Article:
Insect Drones Become Artificial Pollinators

Research team uses drones to address the bee population crisis.


Anyone else lamenting the plight of the honey bee, now on the endangered species list?

As a honey lover and all-around nature freak, I have been disheartened—and frankly, worried—about what will happen to our agricultural systems if our bee populations disappear. Apparently Japanese researchers feel the same way, as they recently introduced technology to try to counteract the collapse of the bee population: insect-sized drones.

The key to the project is an ionic sticky gel, first developed in 2007, which is applied to a $100 four-propeller drone that is suited up in a fuzzy bee-like exterior, serving as an artificial pollinator, according to an article in The gel, along with horse hair bristles on the drone’s surface, create additional area for the pollen to attach to while also delivering an electric charge that keeps the pollens in place, the article said.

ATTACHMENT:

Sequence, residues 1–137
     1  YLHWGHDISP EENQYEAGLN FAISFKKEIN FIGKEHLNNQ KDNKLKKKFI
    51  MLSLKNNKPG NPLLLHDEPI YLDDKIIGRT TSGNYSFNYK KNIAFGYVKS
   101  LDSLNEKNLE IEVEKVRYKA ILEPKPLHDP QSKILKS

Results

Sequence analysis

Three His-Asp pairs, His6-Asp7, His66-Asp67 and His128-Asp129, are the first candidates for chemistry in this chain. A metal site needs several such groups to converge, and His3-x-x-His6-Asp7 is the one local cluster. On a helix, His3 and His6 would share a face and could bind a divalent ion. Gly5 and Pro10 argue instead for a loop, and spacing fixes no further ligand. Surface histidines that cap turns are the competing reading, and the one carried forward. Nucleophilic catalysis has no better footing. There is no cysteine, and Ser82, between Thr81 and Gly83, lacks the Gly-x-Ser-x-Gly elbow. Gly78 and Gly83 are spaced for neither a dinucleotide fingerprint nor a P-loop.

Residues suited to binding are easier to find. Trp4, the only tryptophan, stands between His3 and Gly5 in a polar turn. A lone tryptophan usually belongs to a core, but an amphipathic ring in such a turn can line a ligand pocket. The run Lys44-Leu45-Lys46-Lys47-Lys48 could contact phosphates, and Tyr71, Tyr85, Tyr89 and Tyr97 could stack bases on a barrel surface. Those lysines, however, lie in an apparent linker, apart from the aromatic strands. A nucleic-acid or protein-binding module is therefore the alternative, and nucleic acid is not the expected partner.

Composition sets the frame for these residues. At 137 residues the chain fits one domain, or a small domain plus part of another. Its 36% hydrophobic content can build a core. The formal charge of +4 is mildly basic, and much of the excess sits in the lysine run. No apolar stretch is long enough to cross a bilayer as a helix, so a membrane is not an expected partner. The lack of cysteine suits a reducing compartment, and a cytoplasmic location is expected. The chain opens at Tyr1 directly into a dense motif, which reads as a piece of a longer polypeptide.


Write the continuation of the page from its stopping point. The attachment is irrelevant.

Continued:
The bee drones, flown by the researchers using remote control and tested on Japanese lilies, picked up pollen from one flower and deposited it on another to mimic the behavior of real bees. While the drones cana't replace bees, the researchers believe this kind of artificial pollinator can help the bee crisis by giving bees breathing space to recover their numbers. The bee project not only has implications for future crop applications, but for robotics use cases as well, and the team said they see potential for using global positioning systems and artificial intelligence to train the drones in natural pollination paths.

Here’s hoping a little drone activity can "spark" a lot of pollination.

More in Data